Overproduction of IGF-2 drives a subset of colorectal cancer cells, which specifically respond to an anti-IGF therapeutic antibody and combination therapies

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Abstract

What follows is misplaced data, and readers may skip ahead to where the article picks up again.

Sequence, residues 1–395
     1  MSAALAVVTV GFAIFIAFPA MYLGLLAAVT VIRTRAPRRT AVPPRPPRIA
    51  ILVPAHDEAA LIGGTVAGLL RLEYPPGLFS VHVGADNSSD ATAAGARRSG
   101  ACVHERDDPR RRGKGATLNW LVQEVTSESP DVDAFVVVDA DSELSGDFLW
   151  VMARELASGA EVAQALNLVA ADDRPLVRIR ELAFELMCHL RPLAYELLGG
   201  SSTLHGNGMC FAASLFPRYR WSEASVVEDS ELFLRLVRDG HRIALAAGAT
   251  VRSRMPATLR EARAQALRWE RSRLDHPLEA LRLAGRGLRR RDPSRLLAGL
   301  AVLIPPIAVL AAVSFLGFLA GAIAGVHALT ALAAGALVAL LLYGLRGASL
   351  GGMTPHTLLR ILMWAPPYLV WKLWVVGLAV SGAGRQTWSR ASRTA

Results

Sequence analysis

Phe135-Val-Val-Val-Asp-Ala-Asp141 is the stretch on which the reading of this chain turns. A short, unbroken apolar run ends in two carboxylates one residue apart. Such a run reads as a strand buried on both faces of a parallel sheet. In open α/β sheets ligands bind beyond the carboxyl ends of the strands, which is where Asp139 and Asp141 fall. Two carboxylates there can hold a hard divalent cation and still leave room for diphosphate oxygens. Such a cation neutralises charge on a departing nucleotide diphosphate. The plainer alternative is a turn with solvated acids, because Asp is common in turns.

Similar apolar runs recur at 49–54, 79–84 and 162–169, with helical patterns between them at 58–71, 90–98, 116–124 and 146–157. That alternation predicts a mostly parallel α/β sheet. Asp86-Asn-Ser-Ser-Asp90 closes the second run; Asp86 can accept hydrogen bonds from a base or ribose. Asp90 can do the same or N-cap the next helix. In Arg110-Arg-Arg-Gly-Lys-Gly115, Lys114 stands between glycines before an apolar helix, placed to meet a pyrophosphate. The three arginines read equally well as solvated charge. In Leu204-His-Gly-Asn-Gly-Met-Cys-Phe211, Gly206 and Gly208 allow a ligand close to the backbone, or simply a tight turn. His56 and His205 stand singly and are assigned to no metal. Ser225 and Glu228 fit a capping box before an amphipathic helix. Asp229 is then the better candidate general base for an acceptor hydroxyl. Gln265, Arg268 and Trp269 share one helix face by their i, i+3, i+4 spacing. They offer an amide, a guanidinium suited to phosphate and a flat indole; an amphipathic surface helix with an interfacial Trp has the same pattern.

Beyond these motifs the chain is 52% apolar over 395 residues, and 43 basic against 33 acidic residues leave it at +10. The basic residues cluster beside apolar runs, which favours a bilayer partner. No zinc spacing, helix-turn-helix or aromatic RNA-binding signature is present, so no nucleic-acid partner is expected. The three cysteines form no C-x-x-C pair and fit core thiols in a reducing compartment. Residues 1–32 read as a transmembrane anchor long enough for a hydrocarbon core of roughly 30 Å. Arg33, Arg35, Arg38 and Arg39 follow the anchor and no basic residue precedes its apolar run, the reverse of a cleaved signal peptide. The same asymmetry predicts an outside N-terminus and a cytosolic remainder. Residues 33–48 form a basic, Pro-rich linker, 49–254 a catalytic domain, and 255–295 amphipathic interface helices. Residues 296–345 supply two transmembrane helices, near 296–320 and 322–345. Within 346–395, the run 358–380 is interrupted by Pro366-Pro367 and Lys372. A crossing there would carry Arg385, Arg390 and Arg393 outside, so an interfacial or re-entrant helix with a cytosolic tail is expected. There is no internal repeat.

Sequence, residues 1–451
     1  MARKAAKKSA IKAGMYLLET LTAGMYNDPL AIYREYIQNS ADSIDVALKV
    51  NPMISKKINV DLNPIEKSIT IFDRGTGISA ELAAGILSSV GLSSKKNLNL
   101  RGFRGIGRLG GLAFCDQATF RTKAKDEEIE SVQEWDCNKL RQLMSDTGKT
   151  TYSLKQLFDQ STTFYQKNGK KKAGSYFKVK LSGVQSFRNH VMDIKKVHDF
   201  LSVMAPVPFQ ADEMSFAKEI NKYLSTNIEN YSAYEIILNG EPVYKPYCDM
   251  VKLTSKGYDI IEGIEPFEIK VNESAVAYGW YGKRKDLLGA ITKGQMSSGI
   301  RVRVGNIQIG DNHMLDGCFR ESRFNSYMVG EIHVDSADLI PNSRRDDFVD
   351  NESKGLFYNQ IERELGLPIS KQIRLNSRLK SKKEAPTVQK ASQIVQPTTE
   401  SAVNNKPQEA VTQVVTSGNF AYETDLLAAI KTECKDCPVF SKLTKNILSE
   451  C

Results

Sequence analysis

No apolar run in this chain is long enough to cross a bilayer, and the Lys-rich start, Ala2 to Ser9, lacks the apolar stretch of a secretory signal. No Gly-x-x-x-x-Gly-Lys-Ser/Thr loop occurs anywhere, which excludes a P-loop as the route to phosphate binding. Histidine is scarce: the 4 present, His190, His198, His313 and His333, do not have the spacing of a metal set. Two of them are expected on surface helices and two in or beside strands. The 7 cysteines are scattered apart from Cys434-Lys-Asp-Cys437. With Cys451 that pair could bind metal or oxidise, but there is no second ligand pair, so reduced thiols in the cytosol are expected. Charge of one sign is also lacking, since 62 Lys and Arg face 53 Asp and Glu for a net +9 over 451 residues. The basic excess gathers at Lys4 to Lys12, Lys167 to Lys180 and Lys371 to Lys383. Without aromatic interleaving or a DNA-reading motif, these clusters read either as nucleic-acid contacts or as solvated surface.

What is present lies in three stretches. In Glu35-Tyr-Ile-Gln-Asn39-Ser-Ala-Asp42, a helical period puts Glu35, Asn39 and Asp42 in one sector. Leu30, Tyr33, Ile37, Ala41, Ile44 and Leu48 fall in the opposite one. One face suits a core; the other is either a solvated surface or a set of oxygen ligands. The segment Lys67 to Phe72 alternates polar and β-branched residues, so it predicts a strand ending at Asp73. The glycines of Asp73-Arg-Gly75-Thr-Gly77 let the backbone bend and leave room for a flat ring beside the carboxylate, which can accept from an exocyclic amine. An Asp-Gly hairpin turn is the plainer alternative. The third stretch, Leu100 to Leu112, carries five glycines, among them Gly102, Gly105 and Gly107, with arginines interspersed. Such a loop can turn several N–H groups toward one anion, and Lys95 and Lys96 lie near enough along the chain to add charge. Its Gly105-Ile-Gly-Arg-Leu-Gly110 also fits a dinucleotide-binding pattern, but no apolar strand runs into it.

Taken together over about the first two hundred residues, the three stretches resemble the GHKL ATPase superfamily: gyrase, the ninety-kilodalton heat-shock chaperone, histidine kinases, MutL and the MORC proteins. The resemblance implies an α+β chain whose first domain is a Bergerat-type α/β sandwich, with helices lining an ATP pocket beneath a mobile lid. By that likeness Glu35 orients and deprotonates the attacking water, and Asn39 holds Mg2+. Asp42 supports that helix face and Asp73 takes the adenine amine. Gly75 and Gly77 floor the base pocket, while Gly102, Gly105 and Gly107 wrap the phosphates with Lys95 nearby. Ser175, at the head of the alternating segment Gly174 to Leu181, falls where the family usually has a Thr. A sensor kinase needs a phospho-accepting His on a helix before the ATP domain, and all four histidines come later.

Colorectal cancer (CRC) is a heterogeneous disease with a broad spectrum of genetic and epigenetic changes. A comprehensive molecular characterization of CRC by The Cancer Genome Atlas Network detected the overexpression of the insulin-like growth factor 2 (IGF2) gene, encoding a ligand for the insulin-like growth factor 1 receptor (IGF-1R), in a subset of CRC tumors. In this study, we investigated the oncogenic potential of IGF-2 in IGF2-overexpressing CRC models and the efficacy of MEDI-573, an IGF-1/2-neutralizing antibody. We found that a subset of CRC cell lines express high IGF-2 levels owing to an increased DNA copy number and hypermethylation in the H19 promoter of the IGF2 gene. MEDI-573 efficiently neutralized IGF-2 and induced apoptosis, which resulted in significant tumor growth inhibition in CRC mouse models that express high levels of IGF-2. These effects were specific to CRCs overexpressing IGF-2, as MEDI-573 did not affect the growth CRC cell lines with normal levels. Moreover, blockade of IGF-2 by MEDI-573 modulated other signaling pathways, suggesting combination therapies with inhibitors of these pathways. Indeed, in vivo efficacy was significantly enhanced when MEDI-573 was used in combination with trastuzumab, AZD2014 (dual mTORC1/2i), AZD5363 (AKTi) and selumetinib (AZD6244/ARRY-142886, MEK1/2i) or cetuximab. These results demonstrate that overexpressed IGF-2 is the major tumorigenic driver in a subset of CRCs and encourage testing of MEDI-573, alone and in combinations, in IGF2-overexpressing CRC patients.

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